Money Talk: Insurance Options for Overweight Husband
Question: My husband doesn’t qualify for term life insurance because he is overweight and pre-diabetic. Although he’s working on getting in shape, I’m afraid something might happen. I should add we have a 3-year-old daughter, and he is the main breadwinner.
What would you suggest we do to ensure we are covered if something were to happen?
Answer: Just because your husband was turned down by one insurer doesn’t mean others won’t accept him.
Even people who are obese or who have diabetes can find coverage, so your husband shouldn’t accept that he’s uninsurable.
Look for an independent agent or broker who works with several companies rather than a captive agent who works for just one or two. A fee-only financial planner may be able to help you find a good agent.
The planner also could recommend an appropriate amount of coverage.
Your husband also should investigate any coverage he might have through his job. Many employers provide a base amount of coverage as a benefit (frequently $50,000 or one year’s pay) and often allow workers to buy additional coverage without requiring medical exams.
The downside of employer-sponsored group life insurance is that he may not be able to buy as much coverage as he needs.
He may need 10 times his annual salary, for instance, but his group policy may max out at five times his salary. Also, the policy may not be portable — it may end if he’s laid off or quits, for example.
The best strategy will depend on the costs he faces. But one approach may be to buy as much employer-provided coverage as possible and supplement it with an individual term policy purchased on his own.
If his health improves, he could boost his individual coverage while buying less of the employer-provided kind.
Question: You recently wrote an interesting piece regarding the “file and suspend” strategy for Social Security benefits. I liked the possibility of getting a lump sum if I should need the money downstream.
But when I checked with Social Security, I was told that the lump sum maximum was six months of suspended payments.
Am I missing something?
My understanding was that I could collect all the suspended payments if need be. Is there a specific code I could reference to our Social Security office to clear this matter up?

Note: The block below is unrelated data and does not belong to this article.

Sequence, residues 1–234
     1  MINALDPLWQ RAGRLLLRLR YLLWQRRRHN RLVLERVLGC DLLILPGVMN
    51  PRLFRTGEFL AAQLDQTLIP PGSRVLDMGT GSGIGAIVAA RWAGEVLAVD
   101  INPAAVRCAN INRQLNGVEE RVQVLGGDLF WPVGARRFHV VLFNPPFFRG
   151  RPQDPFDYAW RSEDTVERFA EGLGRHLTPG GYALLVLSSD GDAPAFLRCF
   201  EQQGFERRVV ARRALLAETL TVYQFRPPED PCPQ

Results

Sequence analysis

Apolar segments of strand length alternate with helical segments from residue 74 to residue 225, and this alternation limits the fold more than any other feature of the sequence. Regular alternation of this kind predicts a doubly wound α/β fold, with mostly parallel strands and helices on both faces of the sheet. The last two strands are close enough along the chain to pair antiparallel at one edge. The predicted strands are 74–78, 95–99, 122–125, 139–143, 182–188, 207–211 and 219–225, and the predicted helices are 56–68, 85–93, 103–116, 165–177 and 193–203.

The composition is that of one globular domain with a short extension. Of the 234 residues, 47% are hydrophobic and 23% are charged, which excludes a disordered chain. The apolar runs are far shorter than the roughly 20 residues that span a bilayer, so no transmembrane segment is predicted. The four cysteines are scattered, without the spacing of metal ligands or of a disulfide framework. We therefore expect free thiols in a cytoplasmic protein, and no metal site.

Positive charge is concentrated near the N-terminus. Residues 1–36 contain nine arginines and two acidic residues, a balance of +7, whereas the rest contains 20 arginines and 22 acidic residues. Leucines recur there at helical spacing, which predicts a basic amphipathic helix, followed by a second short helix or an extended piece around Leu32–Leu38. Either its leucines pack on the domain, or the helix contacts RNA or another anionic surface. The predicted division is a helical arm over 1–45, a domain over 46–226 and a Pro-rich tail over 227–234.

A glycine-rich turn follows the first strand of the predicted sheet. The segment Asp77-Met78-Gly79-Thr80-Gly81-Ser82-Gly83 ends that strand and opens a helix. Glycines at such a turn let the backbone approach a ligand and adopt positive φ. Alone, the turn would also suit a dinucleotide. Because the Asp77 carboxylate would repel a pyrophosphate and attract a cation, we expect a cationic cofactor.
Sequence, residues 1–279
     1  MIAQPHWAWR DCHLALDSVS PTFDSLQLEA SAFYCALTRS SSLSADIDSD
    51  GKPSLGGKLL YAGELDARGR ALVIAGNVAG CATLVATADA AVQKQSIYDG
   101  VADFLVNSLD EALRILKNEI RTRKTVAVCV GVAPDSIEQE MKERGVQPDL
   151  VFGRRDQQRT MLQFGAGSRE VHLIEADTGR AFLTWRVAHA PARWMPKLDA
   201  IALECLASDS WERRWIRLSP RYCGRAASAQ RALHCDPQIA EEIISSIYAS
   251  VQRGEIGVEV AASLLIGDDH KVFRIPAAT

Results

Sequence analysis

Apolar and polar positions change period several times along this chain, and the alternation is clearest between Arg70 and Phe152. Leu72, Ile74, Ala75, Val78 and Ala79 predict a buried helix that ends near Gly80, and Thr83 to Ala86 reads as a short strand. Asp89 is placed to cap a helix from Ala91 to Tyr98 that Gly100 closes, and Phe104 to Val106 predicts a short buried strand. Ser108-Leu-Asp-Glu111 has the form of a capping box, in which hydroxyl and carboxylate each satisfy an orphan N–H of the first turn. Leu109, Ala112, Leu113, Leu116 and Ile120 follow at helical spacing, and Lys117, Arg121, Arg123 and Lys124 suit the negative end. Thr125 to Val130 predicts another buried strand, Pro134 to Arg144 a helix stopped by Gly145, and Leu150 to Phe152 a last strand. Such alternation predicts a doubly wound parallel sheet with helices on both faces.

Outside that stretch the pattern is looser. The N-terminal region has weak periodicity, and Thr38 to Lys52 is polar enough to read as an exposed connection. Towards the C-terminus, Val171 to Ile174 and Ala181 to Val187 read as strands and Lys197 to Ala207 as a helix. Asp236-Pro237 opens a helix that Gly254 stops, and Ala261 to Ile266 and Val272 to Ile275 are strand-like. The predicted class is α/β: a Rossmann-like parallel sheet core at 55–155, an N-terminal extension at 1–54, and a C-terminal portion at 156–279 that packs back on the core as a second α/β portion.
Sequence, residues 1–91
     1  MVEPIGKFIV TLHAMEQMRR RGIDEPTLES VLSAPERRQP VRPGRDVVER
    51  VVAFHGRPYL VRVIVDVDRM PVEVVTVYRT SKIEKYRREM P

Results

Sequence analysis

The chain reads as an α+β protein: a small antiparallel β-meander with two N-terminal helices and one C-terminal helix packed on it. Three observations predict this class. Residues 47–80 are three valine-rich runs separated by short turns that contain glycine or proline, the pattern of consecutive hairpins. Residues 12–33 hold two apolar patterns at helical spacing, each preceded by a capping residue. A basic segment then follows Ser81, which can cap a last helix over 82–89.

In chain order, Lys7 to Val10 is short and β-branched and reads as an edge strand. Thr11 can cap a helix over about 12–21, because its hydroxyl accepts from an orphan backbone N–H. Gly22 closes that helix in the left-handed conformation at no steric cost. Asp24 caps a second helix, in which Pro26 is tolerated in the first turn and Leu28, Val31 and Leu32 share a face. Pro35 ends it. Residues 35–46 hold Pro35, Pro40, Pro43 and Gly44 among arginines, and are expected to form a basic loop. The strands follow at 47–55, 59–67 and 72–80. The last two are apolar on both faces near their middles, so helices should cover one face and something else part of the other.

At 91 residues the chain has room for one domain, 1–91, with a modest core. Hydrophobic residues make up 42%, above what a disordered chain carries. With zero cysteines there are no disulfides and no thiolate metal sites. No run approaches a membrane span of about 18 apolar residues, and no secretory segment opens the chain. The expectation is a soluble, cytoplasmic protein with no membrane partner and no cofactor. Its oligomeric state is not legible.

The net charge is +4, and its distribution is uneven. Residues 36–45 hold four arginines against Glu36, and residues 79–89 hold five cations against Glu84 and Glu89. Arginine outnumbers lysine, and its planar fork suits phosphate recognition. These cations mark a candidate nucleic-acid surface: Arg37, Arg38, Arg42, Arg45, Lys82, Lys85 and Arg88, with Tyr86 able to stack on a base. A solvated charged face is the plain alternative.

Answer: You’re not missing something. The Social Security representative you talked to is confusing retroactive benefits with the reinstatement of benefits that were voluntarily suspended.
When you file for benefits after your full retirement age (currently 66), the maximum lump sum you can get is six months’ of missed benefits.
When you “file and suspend” your application at or after full retirement age, however, you can end the suspension at any time and get a lump sum for all the benefits you missed.
Unfortunately, the misinformation you received isn’t unusual.
Financial planners around the country have reported running into Social Security reps who insist that only six months’ of benefits are available to people who file and suspend, which isn’t true.
The procedure is outlined in the Social Security Administration’s “Program Operations Manual System” under “GN 02409.130 Voluntary Suspension Reinstatement.”
It is also described in plain English on Social Security’s site: “If you change your mind and want the payments to start before age 70, just tell us when you want your benefits reinstated (orally or in writing).
Your request may include benefits for any months when your payments were suspended.” The ability to file and suspend, then change your mind, is an important protection for those who understand the important role Social Security plays as longevity insurance.
The smartest course is often to let your benefit grow to its maximum amount, taking advantage of the “delayed retirement credits” that increase your benefit 8 percent annually between your full retirement age (currently 66) and age 70.
If you should later find yourself in need of the money, you can get a lump sum payout for the missed benefits back to the day you filed and suspended, if you want.
But opting for the lump payment means you lose your delayed retirement credits for that period. In other words, if you ask for a lump sum dating back to your initial filing, your monthly benefit is reset to the smaller amount you would have gotten then.
Liz Weston is the author of The 10 Commandments of Money: Survive and Thrive in the New Economy . Questions for possible inclusion in her column may be sent to 3940 Laurel Canyon, No. 238, Studio City, Calif. 91604, or by email at firstname.lastname@example.org. Distributed by No More Red Inc.